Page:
Land Rights in Cambodia
By Ms. Bov Sophea (Boeung Kak Lake) and Mr. Sek Sokunroth (LICADHO)
May 2013- Conflict over land is the most important human rights issue facing Cambodia today. Over the past few years, the country’s biggest source of strife has been the unlawful seizure of land by state authorities, usually on behalf of well-connected business interests.
As of April 2013, over 2.2 million hectares of Cambodia’s total land mass has been granted to private firms in the form of long-term leases, mostly through the country’s Economic Land Concession (ELC) scheme. According to the local human rights NGO LICADHO, land grabbing has affected an estimated 400,000 Cambodians since 2003 – and that is just in the half of the country where LICADHO has offices. This has helped create an underclass of landless villagers with no means for self-sustenance.
The vast majority, if not all, ELCs have been issued in violation of either Cambodian laws limiting the size of concessions and requiring impact reports, prior consultations and the consent of affected communities. There is no transparency in the process of granting concessions, and fair and adequate compensation is rarely paid. Efforts to enforce the requirements in civil lawsuits have been met with years of court inaction or even retaliatory criminal charges.
In many cases, state forces, including military soldiers, provide assistance and protection to private companies involved in land disputes with villagers and take part in forceful – and often violent – evictions. In 2012, government forces conducted a military-style raid on a village embroiled in a land dispute, killing Heng Chantha, a 14-year-old girl. Last year, there were also multiple instances of authorities opening fire on peaceful land rights protestors and activists. At least 17 leaders from Phnom Penh communities facing eviction spent time in prison on false charges, including Bov Sophea, related to their activism during 2012.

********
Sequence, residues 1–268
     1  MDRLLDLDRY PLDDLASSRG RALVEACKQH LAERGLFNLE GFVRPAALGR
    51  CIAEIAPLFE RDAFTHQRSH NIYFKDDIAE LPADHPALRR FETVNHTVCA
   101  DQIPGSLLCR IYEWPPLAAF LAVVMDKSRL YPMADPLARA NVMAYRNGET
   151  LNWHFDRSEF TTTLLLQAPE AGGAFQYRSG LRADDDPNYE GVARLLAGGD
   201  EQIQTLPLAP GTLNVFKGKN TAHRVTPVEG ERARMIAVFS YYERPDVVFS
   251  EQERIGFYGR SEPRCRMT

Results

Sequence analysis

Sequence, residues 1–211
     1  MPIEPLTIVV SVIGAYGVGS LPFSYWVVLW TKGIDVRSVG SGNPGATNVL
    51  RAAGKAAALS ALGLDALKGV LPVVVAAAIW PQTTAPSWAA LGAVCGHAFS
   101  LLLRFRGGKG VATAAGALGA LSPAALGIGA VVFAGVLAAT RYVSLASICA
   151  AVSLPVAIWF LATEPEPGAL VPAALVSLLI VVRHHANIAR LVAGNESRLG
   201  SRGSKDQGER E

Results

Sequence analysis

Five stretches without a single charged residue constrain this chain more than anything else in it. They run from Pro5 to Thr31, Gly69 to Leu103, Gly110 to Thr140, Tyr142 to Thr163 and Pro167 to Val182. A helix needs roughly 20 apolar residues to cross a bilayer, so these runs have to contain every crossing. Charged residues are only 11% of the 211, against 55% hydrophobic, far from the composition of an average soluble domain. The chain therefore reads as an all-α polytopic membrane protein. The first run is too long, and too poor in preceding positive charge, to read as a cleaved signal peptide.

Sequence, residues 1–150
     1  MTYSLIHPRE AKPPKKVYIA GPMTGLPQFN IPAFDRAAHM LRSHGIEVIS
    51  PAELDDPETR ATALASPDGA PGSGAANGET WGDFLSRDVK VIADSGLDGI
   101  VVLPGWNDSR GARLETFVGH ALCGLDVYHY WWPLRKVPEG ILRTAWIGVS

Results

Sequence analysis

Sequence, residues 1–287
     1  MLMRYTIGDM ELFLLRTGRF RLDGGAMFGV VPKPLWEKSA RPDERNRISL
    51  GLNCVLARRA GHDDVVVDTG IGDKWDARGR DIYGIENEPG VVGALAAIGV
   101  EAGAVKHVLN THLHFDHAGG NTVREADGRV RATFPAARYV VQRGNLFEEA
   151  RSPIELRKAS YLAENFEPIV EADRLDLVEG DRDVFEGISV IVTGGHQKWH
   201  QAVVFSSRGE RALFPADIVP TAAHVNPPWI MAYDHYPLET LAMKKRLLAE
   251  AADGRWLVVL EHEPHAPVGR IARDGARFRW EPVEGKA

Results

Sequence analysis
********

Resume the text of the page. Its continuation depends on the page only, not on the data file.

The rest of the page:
In late 2012, the UN Special Rapporteur on the situation of human rights in Cambodia Surya P. Subedi assessed the impact of land concessions in a detailed report, and concluded that “[t]here are well documented serious and widespread human rights violations associated with land concessions.” He also said that “the overwhelming conclusion drawn from petitions, letters, studies, peaceful protests, violent demonstrations, legal complaints, land-dispute statistics and my own direct observations is that land concessions are only benefiting a minority.” The situation is so bad that the Special Rapporteur even questioned the impact of concessions on Cambodia’s long term economic and political stability.
The government claims that Cambodia’s land problems were addressed by a directive issued by the Prime Minister in May 2012, which suspends new ELCs and mandates a review of existing ELCs. But both aspects of the directive have been largely ignored. Since the May 7 directive, there have been at least 16 new ELCs granted, totalling over 80,000 hectares. Meanwhile, no systematic review of ELCs is taking place. In fact the opposite has happened in some cases: In July, the government published a list of ELCs that revealed that two large problematic concessions that had been revoked in 2011 have actually been reinstated.
Most importantly, the May 7 directive does nothing to address past violent forced evictions and rights violations such as crackdowns on demonstrations and arbitrary criminal prosecutions. Nor does it offer any compensation or legal remedies to assist the hundreds of families who continue to suffer as a result of losing their homes and/or their farmland to concessions.